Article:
The story of Michael Crowe, a 14-year-old child, exemplifies why children need protections during police interrogations. Michael’s traumatic involvement with the criminal justice system began on the night of January 20, 1998 when someone snuck into Stephanie Crowe’s bedroom and stabbed her to death. Police questioned the entire Crowe family the following day, including Michael, Stephanie’s brother. The police read Michael his Miranda rights before questioning him about the murder. However, Michael waived his Miranda rights and spoke with the detectives without an attorney or parent present.
Detectives ignored the fact that on the night of Stephanie’s murder neighbors called the police several times. Neighbors reported that a man was bothering residents and broke into a home in the Crowe’s neighborhood looking for a girl. Detectives had the wrong suspect, but they nonetheless continued to focus their attention on Michael, interrogating him four times.
In the first interview on January 21, 1998, Michael told police that he awoke with a headache around 4:30 a.m. on the morning after Stephanie was murdered, took Tylenol, and went back to his room. Michael retold the same story when police interviewed him for the second time on January 22nd. During the second interrogation, Michael also spoke about how seeing his sister “soaked in blood” the next morning made him cry. He described her as “the best person” and “kind.” Michael expressed anger towards the killer.
Later that day, police interviewed Michael for a third time for three hours even though he expressed “that he felt sick” at the beginning. Michael once again repeated what he told police during his first and second interviews and said:
I feel like I just … I spent all day away from my family. I couldn’t see them… I feel like I’m being treated like I killed my sister, and I didn’t. It feels horrible, like I’m being blamed for it … Everything I have is gone. Everything. You won’t even let me see my parents. It’s horrible.
Detectives ignored Michael’s pleas and continued to interrogate him by giving a computer stress voice analyzer test. Detectives told Michael that the test proved he was deceiving them and questioned whether there was something he was “blocking out” in his “subconscious mind.” Michael continued to deny that he murdered his sister even as detectives pressured him about whether he needed to confess something. Detectives began to tell Michael that police “found blood in his room, lifted fingerprints off the blood stains, and that the police” knew he killed Stephanie. As Michael repeatedly denied killing his sister, detectives told him that maybe he simply did not remember killing his sister. An emotional and confused Michael asked the detective “if he was sure” that he had killed his sister. To which the detective responded, “‘I’m sure about the evidence. Absolutely.’”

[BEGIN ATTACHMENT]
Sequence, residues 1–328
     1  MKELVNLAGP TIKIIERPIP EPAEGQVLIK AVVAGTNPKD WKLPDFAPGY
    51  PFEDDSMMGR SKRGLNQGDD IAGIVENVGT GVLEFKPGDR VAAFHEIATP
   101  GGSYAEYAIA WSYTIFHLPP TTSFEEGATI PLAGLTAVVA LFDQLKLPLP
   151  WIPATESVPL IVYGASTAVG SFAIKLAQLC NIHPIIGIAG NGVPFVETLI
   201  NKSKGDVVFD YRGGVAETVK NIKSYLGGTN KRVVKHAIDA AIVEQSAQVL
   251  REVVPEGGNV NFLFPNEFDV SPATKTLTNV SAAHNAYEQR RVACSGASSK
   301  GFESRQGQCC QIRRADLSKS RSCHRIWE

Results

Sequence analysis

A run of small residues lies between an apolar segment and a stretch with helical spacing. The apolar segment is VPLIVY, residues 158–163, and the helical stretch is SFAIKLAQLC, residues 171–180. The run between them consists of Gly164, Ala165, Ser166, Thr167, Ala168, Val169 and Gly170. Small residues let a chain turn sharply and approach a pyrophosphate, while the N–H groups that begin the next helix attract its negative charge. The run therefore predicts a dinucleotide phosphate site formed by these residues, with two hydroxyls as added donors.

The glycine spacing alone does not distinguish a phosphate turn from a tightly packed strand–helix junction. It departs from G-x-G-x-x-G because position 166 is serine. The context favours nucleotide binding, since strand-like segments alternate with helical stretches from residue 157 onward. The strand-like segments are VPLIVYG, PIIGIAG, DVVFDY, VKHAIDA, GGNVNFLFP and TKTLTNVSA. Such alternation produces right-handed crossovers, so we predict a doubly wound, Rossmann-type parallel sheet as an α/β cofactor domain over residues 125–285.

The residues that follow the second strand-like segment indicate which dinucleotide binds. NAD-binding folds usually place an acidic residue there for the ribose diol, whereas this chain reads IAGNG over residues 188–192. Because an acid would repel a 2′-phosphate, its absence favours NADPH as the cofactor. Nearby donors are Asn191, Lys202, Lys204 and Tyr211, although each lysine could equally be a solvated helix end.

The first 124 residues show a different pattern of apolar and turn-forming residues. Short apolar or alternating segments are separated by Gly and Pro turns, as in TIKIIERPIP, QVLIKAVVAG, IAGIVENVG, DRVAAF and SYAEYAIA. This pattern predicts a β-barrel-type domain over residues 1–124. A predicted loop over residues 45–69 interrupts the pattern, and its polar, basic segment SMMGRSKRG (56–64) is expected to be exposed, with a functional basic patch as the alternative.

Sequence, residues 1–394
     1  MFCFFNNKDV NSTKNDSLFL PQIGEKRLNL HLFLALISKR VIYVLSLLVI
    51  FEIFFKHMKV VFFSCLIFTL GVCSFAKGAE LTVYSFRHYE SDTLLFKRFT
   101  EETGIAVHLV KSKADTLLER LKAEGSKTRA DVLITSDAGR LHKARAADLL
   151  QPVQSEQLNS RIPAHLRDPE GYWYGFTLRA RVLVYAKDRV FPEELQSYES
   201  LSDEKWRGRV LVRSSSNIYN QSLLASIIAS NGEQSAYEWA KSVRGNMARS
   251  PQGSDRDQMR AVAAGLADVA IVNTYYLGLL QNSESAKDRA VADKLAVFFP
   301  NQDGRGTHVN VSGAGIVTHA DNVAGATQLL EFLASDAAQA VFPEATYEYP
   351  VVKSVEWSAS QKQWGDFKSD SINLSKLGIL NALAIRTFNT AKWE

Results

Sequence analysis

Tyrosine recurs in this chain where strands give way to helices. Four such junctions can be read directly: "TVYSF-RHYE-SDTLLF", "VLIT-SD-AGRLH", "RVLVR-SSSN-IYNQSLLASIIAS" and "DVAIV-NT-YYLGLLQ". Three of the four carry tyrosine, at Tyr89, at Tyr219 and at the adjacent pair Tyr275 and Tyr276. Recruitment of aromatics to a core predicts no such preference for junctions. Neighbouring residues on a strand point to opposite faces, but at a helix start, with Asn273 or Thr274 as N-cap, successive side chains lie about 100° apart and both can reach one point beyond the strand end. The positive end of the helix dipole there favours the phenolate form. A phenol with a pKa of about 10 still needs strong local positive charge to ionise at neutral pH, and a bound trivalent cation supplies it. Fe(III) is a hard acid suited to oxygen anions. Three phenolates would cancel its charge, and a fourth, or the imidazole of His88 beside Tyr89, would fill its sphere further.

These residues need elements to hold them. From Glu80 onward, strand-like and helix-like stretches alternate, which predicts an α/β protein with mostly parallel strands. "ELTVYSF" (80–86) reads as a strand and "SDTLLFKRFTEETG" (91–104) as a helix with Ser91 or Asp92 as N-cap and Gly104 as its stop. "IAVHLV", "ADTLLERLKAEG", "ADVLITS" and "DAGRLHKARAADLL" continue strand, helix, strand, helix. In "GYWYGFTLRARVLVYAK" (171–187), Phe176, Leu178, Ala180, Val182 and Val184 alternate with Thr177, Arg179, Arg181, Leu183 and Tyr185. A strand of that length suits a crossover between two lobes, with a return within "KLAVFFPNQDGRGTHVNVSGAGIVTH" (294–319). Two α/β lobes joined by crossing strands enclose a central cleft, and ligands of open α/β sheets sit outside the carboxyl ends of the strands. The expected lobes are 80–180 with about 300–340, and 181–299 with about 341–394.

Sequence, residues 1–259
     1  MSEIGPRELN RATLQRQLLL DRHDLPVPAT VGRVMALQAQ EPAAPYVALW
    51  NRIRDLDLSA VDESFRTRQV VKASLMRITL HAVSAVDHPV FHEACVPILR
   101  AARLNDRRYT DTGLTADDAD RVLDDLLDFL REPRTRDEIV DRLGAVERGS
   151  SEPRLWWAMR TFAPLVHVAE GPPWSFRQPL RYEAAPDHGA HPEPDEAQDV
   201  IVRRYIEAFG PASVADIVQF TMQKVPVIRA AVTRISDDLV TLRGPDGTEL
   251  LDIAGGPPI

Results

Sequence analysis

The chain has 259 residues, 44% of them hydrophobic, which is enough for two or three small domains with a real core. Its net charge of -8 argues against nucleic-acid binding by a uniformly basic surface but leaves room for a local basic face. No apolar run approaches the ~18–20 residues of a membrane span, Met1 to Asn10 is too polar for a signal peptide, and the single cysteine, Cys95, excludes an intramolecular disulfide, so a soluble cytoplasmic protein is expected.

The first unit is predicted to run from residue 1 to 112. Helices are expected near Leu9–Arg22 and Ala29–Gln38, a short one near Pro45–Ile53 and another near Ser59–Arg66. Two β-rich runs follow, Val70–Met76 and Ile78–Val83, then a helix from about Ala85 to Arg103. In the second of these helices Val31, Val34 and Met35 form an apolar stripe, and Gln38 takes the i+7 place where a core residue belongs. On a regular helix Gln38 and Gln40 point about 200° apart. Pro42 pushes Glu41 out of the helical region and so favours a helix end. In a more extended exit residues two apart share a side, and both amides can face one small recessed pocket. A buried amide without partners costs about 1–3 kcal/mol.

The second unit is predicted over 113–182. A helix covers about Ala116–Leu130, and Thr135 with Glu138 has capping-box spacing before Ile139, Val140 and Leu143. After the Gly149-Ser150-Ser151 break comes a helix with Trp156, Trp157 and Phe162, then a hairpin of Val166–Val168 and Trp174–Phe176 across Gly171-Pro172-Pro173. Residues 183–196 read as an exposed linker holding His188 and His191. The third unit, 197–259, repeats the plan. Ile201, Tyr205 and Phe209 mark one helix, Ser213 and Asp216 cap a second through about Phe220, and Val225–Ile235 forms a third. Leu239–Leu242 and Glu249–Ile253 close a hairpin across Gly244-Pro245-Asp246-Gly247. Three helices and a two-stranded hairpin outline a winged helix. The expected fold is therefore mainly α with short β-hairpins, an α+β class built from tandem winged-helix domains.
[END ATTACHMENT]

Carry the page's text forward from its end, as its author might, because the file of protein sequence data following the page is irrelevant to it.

Finally, detectives interviewed Michael for a fourth time for over six hours on January 23, 1998. Detectives used various interrogation tactics to make Michael confess. Detectives again told Michael that the police had evidence which proved he murdered Stephanie. The detectives also played a “game” with Michael that forced Michael to explain crime scene evidence, but with a rule that Michael could not say “‘I don’t know.’” Detectives continued to tell Michael that he killed Stephanie and he did not remember and “introduced the idea that there were ‘two Michaels,’ a ‘good Michael’ and a ‘bad Michael.’” Finally, detectives told Michael “if he confessed he would get help rather than go to jail.” The detectives continued to pressure Michael into confessing, which resulted in the following exchange:
- If I tell you a story, the evidence is going to be a complete lie.
Q. Well, then, tell us the story.
A. Well, I’ll lie. I’ll have to make it up.
Q. Tell us the story, Michael.
A. You want me to tell you a little story?
Q. Tell us the story. What happened that night?
A. Okay. I’m going to warn you right now. It is a complete lie.
Q. Tell us the story.
A. Okay. This is true. I am extremely jealous of my sister.
A. She’s always had a lot of friends and good friends and stuff like that. She was friends with people my age, all the popular girls and stuff like that. That’s true. Okay…Okay. Here is the part where I’ll start lying. That night I thought about her. I couldn’t take it anymore. Okay. So I got a knife, went into her room and I stabbed her….
Q. How many times did you stab her?
A. It’s going to be a lie. Three times…
Q. Tell me what the truth is.
A. The only reason I’m trying to lie here is because you presented me with two paths. I’d rather die than go to jail.
The detectives finally had what they saw as a confession and proceeded with criminal charges against Michael. Michael’s story stands as a testament to why the legal community and society as a whole must fight to ensure that the legal injustice, psychological manipulation, and emotional trauma Michael endured during police interrogations does not happen to any other child.
 Crowe v. Cty. of San Diego, 608 F.3d 406, 417 (9th Cir. 2010).
 Id. at 418.
 Id. at 417.
 Id. at 418-419.
 Id. at 418.
 Id. at 418-419.
 Id. at 419.
 Id. at 420.
 Id. at 420-421.
 Id. at 421.
 Id. at 422.